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P.R. Venkat & Costas Paris
The Wall Street Journal
Government of Singapore Investment Corp. Tuesday said that it cut its stake in Citigroup Inc. to below 5% after it exchanged its convertible preferred stock in the bank to common stock earlier this month and made a profit of $1.6 billion over the conversion price as part of the transaction.
On Sept. 11, GIC exchanged its $6.88 billion holdings of convertible preferred stock for Citigroup common stock, together with the U.S. government and other private investors, it said in a statement.
The conversion price was $3.25 per share.
“The exchange resulted in GIC having a shareholding stake exceeding 9% in Citigroup,” GIC said. Following the exchange, the sovereign wealth fund reduced its stake through open market sales, it said.
It didn’t disclose the price at which it sold the stake and how many shares it sold.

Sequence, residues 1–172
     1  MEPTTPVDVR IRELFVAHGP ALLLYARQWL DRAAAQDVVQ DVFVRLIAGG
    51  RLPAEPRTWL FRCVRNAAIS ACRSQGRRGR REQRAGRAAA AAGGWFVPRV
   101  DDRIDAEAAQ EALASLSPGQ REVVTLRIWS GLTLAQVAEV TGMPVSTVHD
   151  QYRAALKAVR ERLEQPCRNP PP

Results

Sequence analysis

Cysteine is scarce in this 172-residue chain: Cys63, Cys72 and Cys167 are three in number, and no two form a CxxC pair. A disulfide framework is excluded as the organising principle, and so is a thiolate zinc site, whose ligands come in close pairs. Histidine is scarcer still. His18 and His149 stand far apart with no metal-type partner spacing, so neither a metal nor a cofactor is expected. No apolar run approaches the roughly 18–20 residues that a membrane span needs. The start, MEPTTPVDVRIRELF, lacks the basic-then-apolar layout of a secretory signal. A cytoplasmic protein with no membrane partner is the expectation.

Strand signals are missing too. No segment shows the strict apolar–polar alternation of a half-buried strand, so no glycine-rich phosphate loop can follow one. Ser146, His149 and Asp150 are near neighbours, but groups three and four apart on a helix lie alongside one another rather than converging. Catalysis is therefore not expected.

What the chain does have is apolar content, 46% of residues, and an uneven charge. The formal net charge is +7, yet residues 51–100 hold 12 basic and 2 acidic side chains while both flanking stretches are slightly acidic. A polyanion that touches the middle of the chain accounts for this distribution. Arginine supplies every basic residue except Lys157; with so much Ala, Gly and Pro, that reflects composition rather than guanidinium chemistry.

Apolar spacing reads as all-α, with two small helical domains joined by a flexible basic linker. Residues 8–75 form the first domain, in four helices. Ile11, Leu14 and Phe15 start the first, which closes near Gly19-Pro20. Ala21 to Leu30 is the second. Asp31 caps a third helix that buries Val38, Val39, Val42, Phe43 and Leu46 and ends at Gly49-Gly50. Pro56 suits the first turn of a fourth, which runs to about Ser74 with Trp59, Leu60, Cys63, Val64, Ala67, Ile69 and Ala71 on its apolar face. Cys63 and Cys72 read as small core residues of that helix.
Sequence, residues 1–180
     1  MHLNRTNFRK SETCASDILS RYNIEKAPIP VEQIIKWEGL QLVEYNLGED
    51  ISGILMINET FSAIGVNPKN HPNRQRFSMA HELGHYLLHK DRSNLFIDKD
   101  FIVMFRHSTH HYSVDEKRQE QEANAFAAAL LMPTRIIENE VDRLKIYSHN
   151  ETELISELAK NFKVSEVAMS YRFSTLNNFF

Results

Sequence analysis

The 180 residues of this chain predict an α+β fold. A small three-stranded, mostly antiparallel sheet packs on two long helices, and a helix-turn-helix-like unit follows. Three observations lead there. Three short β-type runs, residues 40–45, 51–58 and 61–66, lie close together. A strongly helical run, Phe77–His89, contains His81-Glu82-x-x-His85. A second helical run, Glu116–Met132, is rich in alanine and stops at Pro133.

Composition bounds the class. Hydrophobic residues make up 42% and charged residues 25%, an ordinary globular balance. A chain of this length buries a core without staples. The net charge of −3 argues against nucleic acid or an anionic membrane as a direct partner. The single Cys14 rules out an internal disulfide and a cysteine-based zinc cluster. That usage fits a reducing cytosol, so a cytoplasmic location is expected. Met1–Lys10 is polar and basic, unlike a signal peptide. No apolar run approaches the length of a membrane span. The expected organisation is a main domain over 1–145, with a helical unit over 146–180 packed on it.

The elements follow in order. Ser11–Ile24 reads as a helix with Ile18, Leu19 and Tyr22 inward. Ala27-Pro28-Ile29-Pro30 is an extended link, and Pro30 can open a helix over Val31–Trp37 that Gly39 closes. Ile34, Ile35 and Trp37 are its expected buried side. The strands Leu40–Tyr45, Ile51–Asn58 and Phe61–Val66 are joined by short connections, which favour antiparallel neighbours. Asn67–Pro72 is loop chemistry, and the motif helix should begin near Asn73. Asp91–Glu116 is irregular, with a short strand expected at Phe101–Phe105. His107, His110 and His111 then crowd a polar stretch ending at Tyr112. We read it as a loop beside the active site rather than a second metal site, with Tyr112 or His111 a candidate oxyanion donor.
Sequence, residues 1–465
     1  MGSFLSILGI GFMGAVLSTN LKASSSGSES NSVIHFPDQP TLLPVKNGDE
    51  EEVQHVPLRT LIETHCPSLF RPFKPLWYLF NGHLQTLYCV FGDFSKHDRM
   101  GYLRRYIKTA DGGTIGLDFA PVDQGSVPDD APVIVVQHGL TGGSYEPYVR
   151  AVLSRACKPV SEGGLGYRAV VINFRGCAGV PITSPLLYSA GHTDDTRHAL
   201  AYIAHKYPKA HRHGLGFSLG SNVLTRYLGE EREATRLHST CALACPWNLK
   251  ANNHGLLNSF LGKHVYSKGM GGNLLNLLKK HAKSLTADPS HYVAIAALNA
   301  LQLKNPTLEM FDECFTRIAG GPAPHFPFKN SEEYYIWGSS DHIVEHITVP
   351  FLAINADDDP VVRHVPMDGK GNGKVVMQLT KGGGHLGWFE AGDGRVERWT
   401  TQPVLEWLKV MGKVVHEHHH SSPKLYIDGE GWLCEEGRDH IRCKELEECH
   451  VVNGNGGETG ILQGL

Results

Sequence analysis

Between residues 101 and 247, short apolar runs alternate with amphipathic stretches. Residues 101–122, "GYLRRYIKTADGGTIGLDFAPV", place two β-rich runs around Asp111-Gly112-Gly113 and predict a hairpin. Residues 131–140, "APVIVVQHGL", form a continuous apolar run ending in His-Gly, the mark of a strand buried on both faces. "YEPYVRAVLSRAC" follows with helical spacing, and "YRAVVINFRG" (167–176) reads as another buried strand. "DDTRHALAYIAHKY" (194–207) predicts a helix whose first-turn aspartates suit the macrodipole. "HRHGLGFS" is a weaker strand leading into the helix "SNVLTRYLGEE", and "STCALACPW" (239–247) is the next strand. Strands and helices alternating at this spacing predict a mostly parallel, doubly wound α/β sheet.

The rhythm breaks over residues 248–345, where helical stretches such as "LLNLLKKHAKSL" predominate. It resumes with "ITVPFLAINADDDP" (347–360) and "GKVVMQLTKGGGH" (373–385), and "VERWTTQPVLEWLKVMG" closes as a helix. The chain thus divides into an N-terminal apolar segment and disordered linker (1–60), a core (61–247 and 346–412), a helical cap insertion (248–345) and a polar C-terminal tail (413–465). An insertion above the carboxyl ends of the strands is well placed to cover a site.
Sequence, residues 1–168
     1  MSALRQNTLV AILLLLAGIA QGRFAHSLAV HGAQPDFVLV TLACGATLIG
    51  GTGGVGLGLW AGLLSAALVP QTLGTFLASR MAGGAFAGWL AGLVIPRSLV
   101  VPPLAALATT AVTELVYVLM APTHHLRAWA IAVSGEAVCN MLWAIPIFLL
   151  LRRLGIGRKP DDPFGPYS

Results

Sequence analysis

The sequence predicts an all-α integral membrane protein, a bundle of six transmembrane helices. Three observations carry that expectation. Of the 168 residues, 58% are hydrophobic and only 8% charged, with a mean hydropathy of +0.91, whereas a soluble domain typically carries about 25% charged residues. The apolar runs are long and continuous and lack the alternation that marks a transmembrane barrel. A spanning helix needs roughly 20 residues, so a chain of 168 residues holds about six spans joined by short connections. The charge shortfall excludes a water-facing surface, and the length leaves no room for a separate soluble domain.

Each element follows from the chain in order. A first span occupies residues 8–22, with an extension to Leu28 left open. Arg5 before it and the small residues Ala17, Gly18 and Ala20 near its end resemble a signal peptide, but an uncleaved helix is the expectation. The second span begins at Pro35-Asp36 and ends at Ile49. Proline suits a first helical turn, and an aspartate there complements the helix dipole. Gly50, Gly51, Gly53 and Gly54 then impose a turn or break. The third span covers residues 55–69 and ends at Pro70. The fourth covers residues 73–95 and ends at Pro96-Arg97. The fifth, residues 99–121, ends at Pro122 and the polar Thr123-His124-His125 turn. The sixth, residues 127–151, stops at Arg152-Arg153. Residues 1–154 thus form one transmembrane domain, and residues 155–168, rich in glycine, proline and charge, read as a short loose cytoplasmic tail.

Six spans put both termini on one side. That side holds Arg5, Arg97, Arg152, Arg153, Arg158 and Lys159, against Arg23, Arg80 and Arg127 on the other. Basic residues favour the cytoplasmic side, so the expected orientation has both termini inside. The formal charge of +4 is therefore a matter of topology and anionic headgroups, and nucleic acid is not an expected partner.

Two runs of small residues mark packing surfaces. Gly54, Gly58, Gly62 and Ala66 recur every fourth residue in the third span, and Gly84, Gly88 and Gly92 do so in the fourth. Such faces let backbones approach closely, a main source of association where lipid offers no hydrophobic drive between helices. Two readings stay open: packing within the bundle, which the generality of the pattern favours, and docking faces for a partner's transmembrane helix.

Citigroup shares closed at $4.61 on Sept. 11.
In a separate statement, GIC’s Chief Investment Officer Ng Kok Song said the fund’s original $6.88 billion investment in Citigroup made in January 2008 currently carries a valuation profit of $3.2 billion. Of that, $1.6 billion was realized after selling down its stake while the rest is based on Citigroup’s closing price Monday of $4.43 for its remaining stake, he said.
The sovereign wealth fund said that it will stay invested in Citigroup because it’s confident of its long-term prospects.
“A stake below 5% reflects GIC’s goals and desire to be a portfolio investor,” GIC said.
In February, GIC agreed to convert its investment in Citigroup into common stock as part of an effort to enhance the U.S. lender’s capital base.
The U.S. Treasury also agreed to convert its own preferred stock of up to $25 billion at the time. As part of that deal, GIC gave up an annual 7% coupon on its preferred stock holdings, which was estimated at about $482 million. The conversion price was also well below an initially agreed conversion price of $26.35 under the terms of the original investment.
Apart from Citigroup, GIC also holds a 9% stake in UBS AG, which it bought in late 2007.
People familiar with the situation said earlier this year that GIC lost more than 50 billion Singapore dollars on its investments last year as the result of the financial crisis. The sovereign wealth fund has a portfolio of about S$200 billion.